ALAS, WE KNEW
Alan J. Kuperman plays word games when he asserts that President Clinton could not have known of the "attempted genocide" of Tutsi in Rwanda until April 20, 1994 -- two weeks into the slaughter -- because the press, nongovernmental organizations (NGOs), and the U.N. did not call it a genocide ("Rwanda in Retrospect," January/February 2000).
Two days, not two weeks, after the slaughter began on April 6, U.S. officials knew that extremists with an avowedly genocidal agenda had murdered legitimate Rwandan authorities and were claiming control of the government. U.S. officials knew that these extremists had used the radio to spew anti-Tutsi propaganda for months and that they had recruited, trained, and armed militias. U.S. officials knew that Rwandans had previously used the highly centralized administrative system to organize massacres of Tutsi. And at least some of these officials knew that an eerily prescient CIA study three months before had foreseen a death toll of half a million if violence began again.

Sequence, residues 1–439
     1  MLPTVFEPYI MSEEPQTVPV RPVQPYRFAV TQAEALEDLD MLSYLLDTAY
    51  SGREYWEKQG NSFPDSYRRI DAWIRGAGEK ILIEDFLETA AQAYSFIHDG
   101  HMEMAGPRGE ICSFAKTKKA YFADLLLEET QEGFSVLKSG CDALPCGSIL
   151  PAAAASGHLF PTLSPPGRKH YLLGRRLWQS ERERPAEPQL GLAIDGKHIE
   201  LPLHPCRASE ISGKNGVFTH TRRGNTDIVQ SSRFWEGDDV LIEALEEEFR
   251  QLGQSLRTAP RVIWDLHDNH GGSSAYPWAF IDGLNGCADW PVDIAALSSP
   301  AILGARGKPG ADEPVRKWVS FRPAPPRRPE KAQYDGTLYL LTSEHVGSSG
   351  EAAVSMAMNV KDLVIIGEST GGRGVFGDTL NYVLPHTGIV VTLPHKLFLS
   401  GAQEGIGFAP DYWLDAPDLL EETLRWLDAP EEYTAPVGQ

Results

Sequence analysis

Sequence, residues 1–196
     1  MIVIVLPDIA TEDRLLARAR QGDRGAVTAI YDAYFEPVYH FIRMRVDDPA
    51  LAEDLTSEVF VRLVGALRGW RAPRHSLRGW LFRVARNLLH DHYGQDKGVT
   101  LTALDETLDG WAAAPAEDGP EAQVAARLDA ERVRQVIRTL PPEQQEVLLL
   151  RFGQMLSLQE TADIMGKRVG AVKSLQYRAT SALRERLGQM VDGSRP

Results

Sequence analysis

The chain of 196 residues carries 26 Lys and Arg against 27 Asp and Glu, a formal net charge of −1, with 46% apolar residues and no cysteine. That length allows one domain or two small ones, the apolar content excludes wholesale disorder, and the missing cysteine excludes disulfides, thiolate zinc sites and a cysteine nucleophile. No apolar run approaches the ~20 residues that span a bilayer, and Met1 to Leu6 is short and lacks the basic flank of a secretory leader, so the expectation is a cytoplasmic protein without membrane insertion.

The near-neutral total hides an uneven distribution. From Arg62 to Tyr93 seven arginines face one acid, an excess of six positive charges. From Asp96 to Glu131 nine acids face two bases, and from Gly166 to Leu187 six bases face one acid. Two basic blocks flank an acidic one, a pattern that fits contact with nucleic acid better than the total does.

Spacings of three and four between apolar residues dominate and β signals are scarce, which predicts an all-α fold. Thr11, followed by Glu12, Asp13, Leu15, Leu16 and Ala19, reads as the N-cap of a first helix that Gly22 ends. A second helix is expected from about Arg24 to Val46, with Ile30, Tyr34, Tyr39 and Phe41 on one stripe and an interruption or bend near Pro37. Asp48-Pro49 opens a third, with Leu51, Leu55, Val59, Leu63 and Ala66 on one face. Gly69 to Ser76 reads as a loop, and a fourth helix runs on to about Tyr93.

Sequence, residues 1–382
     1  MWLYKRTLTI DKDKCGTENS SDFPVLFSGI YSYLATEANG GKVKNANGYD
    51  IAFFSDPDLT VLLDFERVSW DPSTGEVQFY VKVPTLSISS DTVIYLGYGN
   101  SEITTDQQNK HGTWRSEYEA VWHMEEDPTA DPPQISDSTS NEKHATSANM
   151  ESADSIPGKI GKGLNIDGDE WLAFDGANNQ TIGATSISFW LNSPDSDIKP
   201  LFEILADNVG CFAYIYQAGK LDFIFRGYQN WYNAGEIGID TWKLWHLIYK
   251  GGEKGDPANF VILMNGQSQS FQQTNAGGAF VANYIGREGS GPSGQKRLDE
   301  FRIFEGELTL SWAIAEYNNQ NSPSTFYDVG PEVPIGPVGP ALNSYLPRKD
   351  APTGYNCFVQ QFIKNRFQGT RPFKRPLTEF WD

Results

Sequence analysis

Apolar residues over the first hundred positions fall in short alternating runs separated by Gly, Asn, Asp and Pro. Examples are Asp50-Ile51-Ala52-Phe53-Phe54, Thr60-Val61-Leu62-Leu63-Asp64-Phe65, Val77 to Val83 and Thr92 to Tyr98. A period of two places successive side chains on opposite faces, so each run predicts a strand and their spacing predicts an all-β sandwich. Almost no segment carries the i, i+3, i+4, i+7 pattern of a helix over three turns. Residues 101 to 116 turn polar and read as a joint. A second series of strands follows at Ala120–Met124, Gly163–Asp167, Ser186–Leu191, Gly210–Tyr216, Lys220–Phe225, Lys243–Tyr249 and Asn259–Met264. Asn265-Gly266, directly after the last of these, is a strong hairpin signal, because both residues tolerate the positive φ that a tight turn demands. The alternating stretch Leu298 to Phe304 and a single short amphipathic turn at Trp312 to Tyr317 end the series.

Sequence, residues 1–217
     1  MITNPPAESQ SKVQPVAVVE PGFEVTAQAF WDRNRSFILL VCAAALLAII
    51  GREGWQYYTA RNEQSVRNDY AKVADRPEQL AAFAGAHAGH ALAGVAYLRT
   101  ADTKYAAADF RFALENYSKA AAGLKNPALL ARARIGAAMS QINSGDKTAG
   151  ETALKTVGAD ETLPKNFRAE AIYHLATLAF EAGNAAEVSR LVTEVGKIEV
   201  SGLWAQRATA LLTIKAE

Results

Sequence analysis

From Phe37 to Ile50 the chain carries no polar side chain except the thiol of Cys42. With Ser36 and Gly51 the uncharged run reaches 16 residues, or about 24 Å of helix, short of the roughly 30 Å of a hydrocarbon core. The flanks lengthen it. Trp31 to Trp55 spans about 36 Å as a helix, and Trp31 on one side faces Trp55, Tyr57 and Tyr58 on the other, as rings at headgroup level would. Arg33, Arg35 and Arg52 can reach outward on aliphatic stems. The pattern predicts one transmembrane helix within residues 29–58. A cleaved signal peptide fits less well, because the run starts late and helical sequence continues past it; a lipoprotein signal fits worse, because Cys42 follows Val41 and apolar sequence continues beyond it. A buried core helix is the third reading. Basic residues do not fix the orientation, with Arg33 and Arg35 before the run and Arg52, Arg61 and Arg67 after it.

As an April 8 State Department briefing made clear, U.S. officials also knew that Hutu soldiers had been killing Tutsi for two days and that the violence was not limited to the capital. They learned this from U.S. embassy personnel and from the French and the Belgians, who had extensive contacts in Rwanda and with whom Washington was planning a joint evacuation of their citizens. U.S. officials had similar reports from the commander of the U.N. peacekeeping force in Rwanda, as well as from Human Rights Watch and other NGOs, which had been calling the State Department since the preceding day.
During the crucial first weeks, the U.N., at the behest of the United States, ordered the more than 2,000 peacekeepers in Rwanda to do nothing to halt the killing and then withdrew all but a rump force of 400 soldiers. Some 1,000 elite French and Belgian troops (backed by 250 U.S. Marines just across the border) swooped in to rescue foreign nationals (most
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